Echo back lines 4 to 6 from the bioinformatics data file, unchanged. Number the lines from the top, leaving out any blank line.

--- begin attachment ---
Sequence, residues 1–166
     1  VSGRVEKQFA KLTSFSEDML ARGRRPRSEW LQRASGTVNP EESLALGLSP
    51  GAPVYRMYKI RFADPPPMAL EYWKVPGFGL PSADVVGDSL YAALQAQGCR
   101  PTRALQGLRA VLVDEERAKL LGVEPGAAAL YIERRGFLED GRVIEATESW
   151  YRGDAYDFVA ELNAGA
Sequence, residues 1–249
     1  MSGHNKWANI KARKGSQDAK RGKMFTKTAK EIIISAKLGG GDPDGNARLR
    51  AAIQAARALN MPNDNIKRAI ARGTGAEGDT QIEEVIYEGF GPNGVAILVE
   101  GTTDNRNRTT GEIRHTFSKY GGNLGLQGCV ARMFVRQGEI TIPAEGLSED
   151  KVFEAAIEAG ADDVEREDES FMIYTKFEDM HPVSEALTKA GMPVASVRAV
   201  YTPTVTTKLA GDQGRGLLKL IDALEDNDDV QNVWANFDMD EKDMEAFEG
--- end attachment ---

   101  PTRALQGLRA VLVDEERAKL LGVEPGAAAL YIERRGFLED GRVIEATESW
   151  YRGDAYDFVA ELNAGA
Sequence, residues 1–249